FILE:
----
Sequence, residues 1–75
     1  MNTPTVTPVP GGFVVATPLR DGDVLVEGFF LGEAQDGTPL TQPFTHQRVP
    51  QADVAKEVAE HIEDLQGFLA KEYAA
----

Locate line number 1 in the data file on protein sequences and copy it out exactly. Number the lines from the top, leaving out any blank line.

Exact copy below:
Sequence, residues 1–75